At one point in his call with Mexican President Enrique Peña Nieto, Trump even acknowledges that the wall is “the least important thing we are talking about, but politically this might be the most important.”
You hear that, Trump supporters? That applause line that Trump used with such gusto for basically his entire campaign — “Build that wall,” and “Who's going to pay for it? (Crowd response: MEXICO!)"? It was all vote-bait, red meat for voters who didn't know that it was completely impractical and would never happen. And within his first days in office — this call took place on Jan. 27, a week after Trump's inauguration — Trump was already throwing in the towel on it on a call with the Mexican president.
Trump was instead hoping people could be made to forget this “least important” issue and wouldn't punish him politically for it.
Trump spent much of his call with Pena Nieto just trying to convince him to stop talking about how Mexico would not pay for the wall. Trump even suggested he would fudge it in the end so that both sides could claim they didn't give in.
“We should both say, ‘We will work it out.’ It will work out in the formula somehow,” Trump said. “As opposed to you saying, ‘We will not pay,’ and me saying, ‘We will not pay.’ ”
Pena Nieto said Trump's promise had put a “very big mark on our back” and “is an issue related to the dignity of Mexico and goes to the national pride of my country.” Trump's response to all of that was basically: Okay, well let's just stop talking about it publicly.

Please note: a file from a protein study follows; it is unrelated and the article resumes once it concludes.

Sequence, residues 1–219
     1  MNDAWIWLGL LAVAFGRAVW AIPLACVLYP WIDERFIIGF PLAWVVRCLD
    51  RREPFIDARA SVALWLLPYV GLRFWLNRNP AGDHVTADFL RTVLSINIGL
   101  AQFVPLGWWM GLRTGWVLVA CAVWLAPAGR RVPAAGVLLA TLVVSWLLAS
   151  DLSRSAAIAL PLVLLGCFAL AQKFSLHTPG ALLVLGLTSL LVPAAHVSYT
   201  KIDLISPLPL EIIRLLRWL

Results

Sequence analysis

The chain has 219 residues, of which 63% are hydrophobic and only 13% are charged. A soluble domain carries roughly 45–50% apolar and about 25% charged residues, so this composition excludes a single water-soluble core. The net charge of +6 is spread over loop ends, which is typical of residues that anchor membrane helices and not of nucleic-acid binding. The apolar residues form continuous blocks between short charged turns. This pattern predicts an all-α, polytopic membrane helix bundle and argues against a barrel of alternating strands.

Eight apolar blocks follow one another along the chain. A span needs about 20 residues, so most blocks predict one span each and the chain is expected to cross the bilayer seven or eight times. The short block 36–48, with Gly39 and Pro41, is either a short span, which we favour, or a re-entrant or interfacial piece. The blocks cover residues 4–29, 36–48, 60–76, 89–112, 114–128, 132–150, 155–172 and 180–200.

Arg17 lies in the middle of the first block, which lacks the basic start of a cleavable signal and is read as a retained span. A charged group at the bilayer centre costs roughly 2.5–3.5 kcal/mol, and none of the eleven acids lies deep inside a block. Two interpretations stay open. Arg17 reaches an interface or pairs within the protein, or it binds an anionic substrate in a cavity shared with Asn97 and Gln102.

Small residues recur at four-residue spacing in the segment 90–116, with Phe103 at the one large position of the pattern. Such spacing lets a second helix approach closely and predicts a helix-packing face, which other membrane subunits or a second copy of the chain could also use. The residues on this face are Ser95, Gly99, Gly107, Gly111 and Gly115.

“But you cannot say that to the press,” Trump said. “The press is going to go with that, and I cannot live with that.”
Trump's promise to make Mexico pay for the wall stands out as perhaps both his biggest applause line and his most implausible policy idea on the 2016 campaign trail. The idea that Mexico would fund a wall built to prevent its own people from illegally crossing into the United States can't help but rub the Mexican people and Pena Nieto the wrong way. And it made Pena Nieto's appearance with Trump during the 2016 campaign a big political liability back home.
That meeting provided the first indication that Trump's border-wall promises would be problematic as president. Trump and Pena Nieto's office engaged in a public war of words over whether the wall was even discussed at their meeting.
It's little surprise to keen political observers that Mexico paying for the border wall was never actually going to happen. Hearing Trump basically acknowledge that fact and concede he pulled the wool over his supporters' eyes, just seven days into his presidency, is pretty remarkable.
Trump's supporters insist he's kept his promises thus far. Here's a good example of what he really thinks of one of his biggest promises.